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What They Always Tell Us by Martin Wilson
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What They Always Tell Us

by Martin Wilson

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Very understated and linear, but with a powerful message about coming out, depression and brotherly relationships. ( )
  thukpa | Feb 6, 2016 |
Very understated and linear, but with a powerful message about coming out, depression and brotherly relationships. ( )
  thukpa | Feb 6, 2016 |
Very understated and linear, but with a powerful message about coming out, depression and brotherly relationships. ( )
  thukpa | Feb 5, 2016 |
Welcome to this book review !

This book was super profound, I loved the writing style ! I wanted to read a more psychological book for a while and I heard about this book. People told me it was good or seemed good, so I brought it and I am really happy I did buy it ! It was sad, but happy, I loved the self discovery in this book and the fact that you could see a brotherly bond being repared. I loved seeing Alex ( the younger brother who tried to commit suicide), discover more about himself, accepting himself and how much he hated the pity he could see in everyones eyes since the incident. When I fist started reading it, I thout that James(older brother) was such a douche, like really you don't tell someone, just after they tried to commit suicide, about how stupid they are and a "nutcase"... But as the story advanced you could see everything behind it, the blurry lines in the story became thicker and clearer, making you understand the action each character made. It was overall an amazing book, I loved it and plan on reading it a couple of times again, in the future !
I totally recommend this book !

-Bookarina :) ( )
  Karina-Valerie | May 22, 2015 |
What They Always Tell Us is about two brothers stranded on the divide between being "They" - adults - and "Us" - kids. James is a senior and Alex is a junior and both are struggling to see what their lives will hold for them past high school in Tuscaloosa, Alabama. Alex (and his entire family, really) is recovering from a sort-of suicide attempt which has disconnected him from his so-called friends and his brother. Two events help to ignite Alex's interest in life again - he accidentally befriends Henry, the strange 10-year-old who lives across the street, and James' friend Nathen strikes up a friendship through encouraging Alex to join the cross-country team at school. Narration alternates between Alex and James in long contemplative, chapters as they are slowly drawn together again by the mystery surrounding Henry's parentage.

Wilson depicts the feelings and excitment of first love that blossom between Alex and Nathen as well as any author I've read - in this case it just happens to be between two boys. I found the lack of overwhelming angst surrounding the relationship refreshing without being too terribly unrealistic thanks to the boys' realization that they cannot let anyone know about their relationship maybe ever, but certainly not until they leave Alabama. The limited knowledge of the characters was also well conveyed - we never really know the motivations of several secondary characters just as James and Alex wouldn't be able to know their motivations; this means that even though the ending is basically happy, the loose ends aren't all tied up. I did think the secret of Henry's parentage was pretty obvious, but found that a minor flaw. It takes a few chapters to get to know the brothers and to care what happens to them, in part because Wilson's writing keeps us slightly removed. The quiet plot is definitely not action-packed, but this would be perfect for introspective teens and young adults. Overall, I found this highly enjoyable although it's not for every reader - I'm actually surprised it doesn't appear to be on any of the mock award lists I've been looking through. ( )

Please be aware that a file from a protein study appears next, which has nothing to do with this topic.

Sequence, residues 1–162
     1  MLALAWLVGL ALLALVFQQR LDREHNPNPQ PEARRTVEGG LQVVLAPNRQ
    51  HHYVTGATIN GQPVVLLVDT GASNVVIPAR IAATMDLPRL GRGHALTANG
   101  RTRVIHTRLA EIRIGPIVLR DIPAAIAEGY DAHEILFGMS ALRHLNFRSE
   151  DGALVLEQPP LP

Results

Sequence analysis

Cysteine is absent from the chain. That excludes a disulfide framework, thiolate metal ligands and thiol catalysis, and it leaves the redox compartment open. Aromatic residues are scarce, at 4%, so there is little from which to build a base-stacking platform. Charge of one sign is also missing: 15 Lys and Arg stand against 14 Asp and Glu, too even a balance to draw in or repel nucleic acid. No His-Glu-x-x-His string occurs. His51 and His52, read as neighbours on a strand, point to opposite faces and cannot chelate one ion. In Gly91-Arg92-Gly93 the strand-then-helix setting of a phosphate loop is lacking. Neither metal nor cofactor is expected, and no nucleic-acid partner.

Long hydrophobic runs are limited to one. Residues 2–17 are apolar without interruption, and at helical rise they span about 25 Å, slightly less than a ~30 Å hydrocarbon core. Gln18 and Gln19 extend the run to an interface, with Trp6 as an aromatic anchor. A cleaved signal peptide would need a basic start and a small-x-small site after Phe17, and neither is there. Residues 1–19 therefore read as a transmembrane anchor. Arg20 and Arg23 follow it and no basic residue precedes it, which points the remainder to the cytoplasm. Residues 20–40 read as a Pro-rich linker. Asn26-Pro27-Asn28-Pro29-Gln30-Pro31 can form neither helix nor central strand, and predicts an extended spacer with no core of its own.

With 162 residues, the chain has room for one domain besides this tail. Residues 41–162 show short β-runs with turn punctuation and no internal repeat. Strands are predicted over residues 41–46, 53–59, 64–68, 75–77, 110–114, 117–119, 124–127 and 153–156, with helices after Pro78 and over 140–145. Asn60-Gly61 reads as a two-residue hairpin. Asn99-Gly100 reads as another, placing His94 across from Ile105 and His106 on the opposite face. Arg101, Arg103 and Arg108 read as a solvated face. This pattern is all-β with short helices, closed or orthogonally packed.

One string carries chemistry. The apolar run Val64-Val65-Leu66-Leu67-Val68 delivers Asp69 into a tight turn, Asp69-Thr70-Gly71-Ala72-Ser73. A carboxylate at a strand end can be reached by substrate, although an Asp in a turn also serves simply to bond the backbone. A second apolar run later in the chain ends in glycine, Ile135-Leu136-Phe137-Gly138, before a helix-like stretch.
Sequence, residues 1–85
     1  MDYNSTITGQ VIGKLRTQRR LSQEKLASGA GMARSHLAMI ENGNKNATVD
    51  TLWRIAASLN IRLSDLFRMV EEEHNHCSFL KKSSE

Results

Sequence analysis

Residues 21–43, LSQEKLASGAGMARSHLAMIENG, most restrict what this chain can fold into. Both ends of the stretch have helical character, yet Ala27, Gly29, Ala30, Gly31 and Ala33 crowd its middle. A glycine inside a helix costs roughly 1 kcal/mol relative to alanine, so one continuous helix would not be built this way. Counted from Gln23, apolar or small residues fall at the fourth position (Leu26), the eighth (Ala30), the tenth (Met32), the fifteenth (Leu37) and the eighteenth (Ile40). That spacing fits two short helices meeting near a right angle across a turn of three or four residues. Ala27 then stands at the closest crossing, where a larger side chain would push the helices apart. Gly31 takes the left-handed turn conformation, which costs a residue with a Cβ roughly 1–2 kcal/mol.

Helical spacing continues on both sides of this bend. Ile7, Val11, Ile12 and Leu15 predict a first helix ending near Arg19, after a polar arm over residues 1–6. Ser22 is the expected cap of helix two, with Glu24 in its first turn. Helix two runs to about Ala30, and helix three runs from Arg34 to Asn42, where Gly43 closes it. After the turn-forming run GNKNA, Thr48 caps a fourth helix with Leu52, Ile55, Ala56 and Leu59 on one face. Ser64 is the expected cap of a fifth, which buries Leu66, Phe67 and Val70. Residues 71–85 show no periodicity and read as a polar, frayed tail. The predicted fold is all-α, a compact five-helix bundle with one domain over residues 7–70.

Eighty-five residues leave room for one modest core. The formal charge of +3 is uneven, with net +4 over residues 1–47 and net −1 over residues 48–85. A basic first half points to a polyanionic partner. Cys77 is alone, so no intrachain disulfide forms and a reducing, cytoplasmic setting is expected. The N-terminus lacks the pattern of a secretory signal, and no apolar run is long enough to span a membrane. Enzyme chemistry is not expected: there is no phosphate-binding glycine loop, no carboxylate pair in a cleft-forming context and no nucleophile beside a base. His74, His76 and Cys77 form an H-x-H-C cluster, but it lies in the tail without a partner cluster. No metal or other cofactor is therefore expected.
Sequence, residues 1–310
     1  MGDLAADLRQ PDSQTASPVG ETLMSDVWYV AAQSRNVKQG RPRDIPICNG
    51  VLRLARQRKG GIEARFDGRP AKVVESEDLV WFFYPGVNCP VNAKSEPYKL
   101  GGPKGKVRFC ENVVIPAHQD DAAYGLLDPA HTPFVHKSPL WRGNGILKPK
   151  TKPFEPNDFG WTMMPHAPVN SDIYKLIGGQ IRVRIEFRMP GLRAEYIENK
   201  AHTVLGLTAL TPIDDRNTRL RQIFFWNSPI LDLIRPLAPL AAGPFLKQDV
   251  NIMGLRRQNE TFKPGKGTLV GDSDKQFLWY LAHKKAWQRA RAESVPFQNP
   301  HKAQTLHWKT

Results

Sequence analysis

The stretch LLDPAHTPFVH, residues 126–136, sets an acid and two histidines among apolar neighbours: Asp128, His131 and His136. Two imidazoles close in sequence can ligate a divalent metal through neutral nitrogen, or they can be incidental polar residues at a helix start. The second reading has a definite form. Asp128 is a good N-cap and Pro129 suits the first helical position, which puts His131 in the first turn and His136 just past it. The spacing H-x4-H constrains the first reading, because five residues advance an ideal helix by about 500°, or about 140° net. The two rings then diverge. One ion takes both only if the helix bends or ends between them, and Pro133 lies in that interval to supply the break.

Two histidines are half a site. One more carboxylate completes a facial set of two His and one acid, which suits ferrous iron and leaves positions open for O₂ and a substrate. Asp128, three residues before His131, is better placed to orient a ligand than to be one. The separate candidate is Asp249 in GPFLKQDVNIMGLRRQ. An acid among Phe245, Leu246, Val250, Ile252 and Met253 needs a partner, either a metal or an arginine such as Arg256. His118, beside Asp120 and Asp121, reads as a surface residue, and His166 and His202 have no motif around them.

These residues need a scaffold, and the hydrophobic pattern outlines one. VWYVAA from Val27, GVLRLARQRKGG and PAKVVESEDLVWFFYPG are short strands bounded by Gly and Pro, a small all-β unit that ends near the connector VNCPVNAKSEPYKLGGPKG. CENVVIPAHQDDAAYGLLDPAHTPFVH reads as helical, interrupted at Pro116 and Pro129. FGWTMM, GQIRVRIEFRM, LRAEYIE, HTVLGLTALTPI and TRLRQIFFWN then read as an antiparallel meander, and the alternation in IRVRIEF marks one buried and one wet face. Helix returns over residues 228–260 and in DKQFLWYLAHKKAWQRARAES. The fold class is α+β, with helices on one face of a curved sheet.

JenJ. | Mar 31, 2013 |
Showing 1-5 of 15 (next | show all)
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To Mom and Dad--for everything

And in loving memory of

Eleanore Hubbard "Lolly" Wilson (1904-1992),

author, artist, and grandmother
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On a Saturday morning in November, Alex finds himself alone for the weekend, so he decides to break a few rules.
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Amazon.com Product Description (ISBN 0385735073, Hardcover)

JAMES AND ALEX have barely anything in common anymore—least of all their experiences in high school, where James is a popular senior and Alex is suddenly an outcast. But at home, there is Henry, the precocious 10-year-old across the street, who eagerly befriends them both. And when Alex takes up running, there is James’s friend Nathen, who unites the brothers in moving and unexpected ways.

(retrieved from Amazon Thu, 12 Mar 2015 18:01:02 -0400)

(see all 2 descriptions)

Sixteen-year-old Alex feels so disconnected from his friends that he starts his junior year at a Tuscaloosa, Alabama, high school by attempting suicide, but soon, a friend of his older brother draws him into cross-country running and a new understanding of himself.… (more)

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